1926 50C Sesquicentennial (Regular Strike)

Series: Silver Commemoratives

PCGS MS66+

PCGS MS66+

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PCGS MS66

PCGS MS66

PCGS MS66

PCGS MS66

PCGS #:
9374
Designer:
John Frederick Lewis
Edge:
Reeded
Diameter:
30.60 millimeters
Weight:
12.50 grams
Mintage:
141,120
Mint:
Philadelphia
Metal:
90% Silver, 10% Copper
Major Varieties

Current Auctions - PCGS Graded
Current Auctions - NGC Graded
For Sale Now at Collectors Corner - PCGS Graded
For Sale Now at Collectors Corner - NGC Graded

Rarity and Survival Estimates Learn More

Grades Survival
Estimate
Numismatic
Rarity
Relative Rarity
By Type
Relative Rarity
By Series
All Grades 65,000 R-2.3 123 / 144 TIE 123 / 144 TIE
60 or Better 42,500 R-2.5 121 / 144 TIE 121 / 144 TIE
65 or Better 2,000 R-4.6 32 / 144 TIE 32 / 144 TIE
Survival Estimate
All Grades 65,000
60 or Better 42,500
65 or Better 2,000
Numismatic Rarity
All Grades R-2.3
60 or Better R-2.5
65 or Better R-4.6
Relative Rarity By Type All Specs in this Type
All Grades 123 / 144 TIE
60 or Better 121 / 144 TIE
65 or Better 32 / 144 TIE
Relative Rarity By Series All Specs in this Series
All Grades 123 / 144 TIE
60 or Better 121 / 144 TIE
65 or Better 32 / 144 TIE

Condition Census What Is This?

Pos Grade Image Pedigree and History
1 MS66 PCGS grade MS66 PCGS grade

Larry Shepherd Collection - Heritage 3/2004:6973, $36,800 - Cary & Cheryl Porter Collection - Heritage 5/2007:2607, $37,375 - Louis Bassano Collection - Heritage 7/2009:1482, $43,125

1 MS66 PCGS grade  
	PCGS #9374 (MS) 66

Heritage 1/2013:5978, $30,550

1 MS66 PCGS grade MS66 PCGS grade

Heritage 7/2002:5103, $18,400 - “JFS” Collection (PCGS Set Registry) - Heritage 8/2004:4318, $21,275 - Heritage 9/2005:4056, $25,300

1 MS66 PCGS grade

Stack's/Bowers 8/2012:11584, not sold - Heritage 9/2013:6941, not sold - Heritage 4/2014:5863, $19,975

1 MS66 PCGS grade
1 MS66 PCGS grade
1 MS66 PCGS grade
1 MS66 PCGS grade
1 MS66 PCGS grade
1 MS66 PCGS grade
MS66 PCGS grade #1 MS66 PCGS grade

Larry Shepherd Collection - Heritage 3/2004:6973, $36,800 - Cary & Cheryl Porter Collection - Heritage 5/2007:2607, $37,375 - Louis Bassano Collection - Heritage 7/2009:1482, $43,125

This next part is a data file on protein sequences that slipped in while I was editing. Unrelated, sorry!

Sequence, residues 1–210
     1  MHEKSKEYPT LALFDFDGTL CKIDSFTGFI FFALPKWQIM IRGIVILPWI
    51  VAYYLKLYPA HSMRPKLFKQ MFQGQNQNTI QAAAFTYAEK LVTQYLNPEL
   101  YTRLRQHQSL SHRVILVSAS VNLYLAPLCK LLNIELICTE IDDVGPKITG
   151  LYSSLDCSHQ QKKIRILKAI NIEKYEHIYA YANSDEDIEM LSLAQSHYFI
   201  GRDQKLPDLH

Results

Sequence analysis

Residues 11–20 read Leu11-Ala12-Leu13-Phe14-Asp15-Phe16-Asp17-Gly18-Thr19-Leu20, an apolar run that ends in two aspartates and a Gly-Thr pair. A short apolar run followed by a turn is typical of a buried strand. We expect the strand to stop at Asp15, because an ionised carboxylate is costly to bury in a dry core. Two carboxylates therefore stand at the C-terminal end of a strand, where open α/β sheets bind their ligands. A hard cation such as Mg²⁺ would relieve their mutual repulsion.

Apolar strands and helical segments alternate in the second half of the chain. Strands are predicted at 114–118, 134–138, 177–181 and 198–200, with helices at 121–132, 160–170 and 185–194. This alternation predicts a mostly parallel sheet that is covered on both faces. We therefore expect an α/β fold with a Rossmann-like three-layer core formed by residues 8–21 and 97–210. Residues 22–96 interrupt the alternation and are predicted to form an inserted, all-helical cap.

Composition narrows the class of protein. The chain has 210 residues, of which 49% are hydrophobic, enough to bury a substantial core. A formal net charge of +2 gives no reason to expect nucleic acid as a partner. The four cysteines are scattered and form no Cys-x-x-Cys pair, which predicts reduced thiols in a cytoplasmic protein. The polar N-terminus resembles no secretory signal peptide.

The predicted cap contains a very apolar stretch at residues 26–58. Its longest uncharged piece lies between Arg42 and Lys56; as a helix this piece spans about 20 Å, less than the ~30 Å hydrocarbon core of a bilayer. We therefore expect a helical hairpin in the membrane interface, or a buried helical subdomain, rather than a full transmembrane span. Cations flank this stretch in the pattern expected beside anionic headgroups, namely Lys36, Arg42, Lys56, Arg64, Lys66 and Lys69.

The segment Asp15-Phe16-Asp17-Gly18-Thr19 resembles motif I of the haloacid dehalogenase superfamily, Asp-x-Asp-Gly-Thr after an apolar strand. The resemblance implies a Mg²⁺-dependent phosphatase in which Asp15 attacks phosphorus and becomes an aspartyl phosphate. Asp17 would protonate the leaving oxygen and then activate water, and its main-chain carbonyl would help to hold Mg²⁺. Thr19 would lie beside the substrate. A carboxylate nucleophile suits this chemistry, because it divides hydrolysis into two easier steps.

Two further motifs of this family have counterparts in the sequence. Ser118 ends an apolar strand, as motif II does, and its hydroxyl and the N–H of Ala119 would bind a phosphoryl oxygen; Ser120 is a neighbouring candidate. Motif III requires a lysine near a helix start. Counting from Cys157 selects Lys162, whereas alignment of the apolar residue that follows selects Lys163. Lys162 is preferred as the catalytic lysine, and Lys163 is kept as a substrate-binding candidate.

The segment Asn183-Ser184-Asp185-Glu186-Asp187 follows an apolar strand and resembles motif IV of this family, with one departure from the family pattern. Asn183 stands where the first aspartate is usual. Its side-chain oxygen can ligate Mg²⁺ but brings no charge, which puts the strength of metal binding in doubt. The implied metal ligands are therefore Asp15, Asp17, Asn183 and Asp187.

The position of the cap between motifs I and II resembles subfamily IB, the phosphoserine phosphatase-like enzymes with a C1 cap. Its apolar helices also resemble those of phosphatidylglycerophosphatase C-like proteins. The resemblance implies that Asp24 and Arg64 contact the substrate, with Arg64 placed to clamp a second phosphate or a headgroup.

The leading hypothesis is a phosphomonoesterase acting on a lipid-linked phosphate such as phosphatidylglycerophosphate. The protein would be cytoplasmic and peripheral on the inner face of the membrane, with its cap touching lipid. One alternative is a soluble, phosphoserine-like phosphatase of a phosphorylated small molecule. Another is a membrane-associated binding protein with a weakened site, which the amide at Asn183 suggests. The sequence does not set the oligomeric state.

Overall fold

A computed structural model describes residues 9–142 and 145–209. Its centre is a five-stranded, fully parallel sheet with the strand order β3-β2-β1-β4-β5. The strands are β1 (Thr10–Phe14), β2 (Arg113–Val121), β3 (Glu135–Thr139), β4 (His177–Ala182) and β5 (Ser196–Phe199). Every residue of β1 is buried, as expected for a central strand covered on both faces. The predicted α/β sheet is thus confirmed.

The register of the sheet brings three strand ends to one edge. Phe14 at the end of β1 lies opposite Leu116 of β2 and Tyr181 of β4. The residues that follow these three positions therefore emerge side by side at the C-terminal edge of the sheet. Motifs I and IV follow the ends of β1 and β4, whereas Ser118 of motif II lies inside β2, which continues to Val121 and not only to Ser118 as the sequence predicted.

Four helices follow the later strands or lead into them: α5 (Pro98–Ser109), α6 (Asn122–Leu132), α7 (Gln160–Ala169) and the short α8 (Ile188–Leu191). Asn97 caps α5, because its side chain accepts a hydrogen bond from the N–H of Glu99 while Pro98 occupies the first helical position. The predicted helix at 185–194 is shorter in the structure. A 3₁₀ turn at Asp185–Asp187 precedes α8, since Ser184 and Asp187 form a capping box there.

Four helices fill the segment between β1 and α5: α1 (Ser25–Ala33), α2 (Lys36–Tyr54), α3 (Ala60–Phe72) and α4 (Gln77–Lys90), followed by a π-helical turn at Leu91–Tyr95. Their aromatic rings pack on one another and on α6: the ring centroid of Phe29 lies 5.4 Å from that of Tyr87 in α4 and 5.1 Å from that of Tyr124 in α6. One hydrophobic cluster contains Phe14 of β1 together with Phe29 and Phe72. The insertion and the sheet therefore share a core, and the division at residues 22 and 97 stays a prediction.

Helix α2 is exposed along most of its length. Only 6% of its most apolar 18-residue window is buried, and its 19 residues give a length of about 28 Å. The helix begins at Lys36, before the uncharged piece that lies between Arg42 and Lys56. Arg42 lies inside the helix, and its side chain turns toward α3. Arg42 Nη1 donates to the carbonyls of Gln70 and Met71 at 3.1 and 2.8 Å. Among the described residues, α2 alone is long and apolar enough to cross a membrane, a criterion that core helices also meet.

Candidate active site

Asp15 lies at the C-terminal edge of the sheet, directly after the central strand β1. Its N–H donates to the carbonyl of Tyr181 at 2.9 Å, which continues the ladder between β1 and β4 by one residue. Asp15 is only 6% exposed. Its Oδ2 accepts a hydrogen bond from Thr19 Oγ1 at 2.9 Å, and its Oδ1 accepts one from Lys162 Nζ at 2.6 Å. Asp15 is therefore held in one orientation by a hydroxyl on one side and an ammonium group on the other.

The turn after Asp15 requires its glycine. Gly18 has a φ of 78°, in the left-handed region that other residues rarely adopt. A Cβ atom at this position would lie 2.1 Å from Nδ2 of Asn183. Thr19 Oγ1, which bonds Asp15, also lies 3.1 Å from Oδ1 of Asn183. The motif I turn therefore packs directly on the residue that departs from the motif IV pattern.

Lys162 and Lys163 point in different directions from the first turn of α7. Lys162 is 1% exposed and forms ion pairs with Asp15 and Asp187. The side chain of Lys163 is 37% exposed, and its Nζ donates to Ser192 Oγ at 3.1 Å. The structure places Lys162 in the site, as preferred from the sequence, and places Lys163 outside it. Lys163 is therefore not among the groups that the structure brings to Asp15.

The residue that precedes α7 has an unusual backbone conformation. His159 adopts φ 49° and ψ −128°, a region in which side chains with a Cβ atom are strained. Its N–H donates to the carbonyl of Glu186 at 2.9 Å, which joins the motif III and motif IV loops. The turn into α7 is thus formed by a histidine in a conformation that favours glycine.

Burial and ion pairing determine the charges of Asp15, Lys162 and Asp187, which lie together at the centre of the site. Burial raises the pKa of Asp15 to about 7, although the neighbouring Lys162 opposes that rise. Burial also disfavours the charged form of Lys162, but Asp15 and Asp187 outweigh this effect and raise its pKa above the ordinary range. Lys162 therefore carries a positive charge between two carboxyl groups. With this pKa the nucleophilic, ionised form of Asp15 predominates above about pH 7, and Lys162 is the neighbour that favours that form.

PCGS #9374 (MS) 66 
#1 MS66 PCGS grade

Heritage 1/2013:5978, $30,550

MS66 PCGS grade #1 MS66 PCGS grade

Heritage 7/2002:5103, $18,400 - “JFS” Collection (PCGS Set Registry) - Heritage 8/2004:4318, $21,275 - Heritage 9/2005:4056, $25,300

#1 MS66 PCGS grade

Stack's/Bowers 8/2012:11584, not sold - Heritage 9/2013:6941, not sold - Heritage 4/2014:5863, $19,975

#1 MS66 PCGS grade
#1 MS66 PCGS grade
#1 MS66 PCGS grade
#1 MS66 PCGS grade
#1 MS66 PCGS grade
#1 MS66 PCGS grade
David Hall:

The 1926 Sesquicentennial differed from the numerous commemorative issues of the 1930's in several ways. First, there is no doubt about the worthiness of the event commemorated, the 150th anniversary of American independence. Second, there were an enormous amount of Sesquis minted (1,000,528), but about 86% of the original mintage (859,048) were melted as unsold at the issue price of $1.00 per coin. Still, this made the Sesqui one of the highest "mintage", i.e. actually distributed to the public, of all silver commemoratives of the 1892-1954 classic era. Finally, though the mintage was very high, the design was poorly executed and very flat, thus most issues have lots or scraps and marks and Gem MS65 examples are rare. In this way the 1926 Sesqui is very similar to the also "flatly designed" 1923-S Monroe.

The typical Sesqui is MS63 or MS64. Because it was an "early" commemorative issue, i.e. struck before the flood of commemoratives issue during the commemorative collecting mania of the 1930's, Sesquis were not all saved and many reached circulation. Gem MS65s are rare and there are only about a dozen or so known Superb Gem MS66s. I personally have never seen or heard of a Sesqui that grades MS67 or higher. The big problem is scraps and marks, particularly on the face on the obverse. Sesquis come with varying degrees of toning, including a very unattractive yellow. The yellow coins sell for a considerable discount and it seems there is somewhat of a two tier market...decent eye appeal coins and yellow toned coins. Obviously, collectors prefer good eye appeal over ugly yellow toning!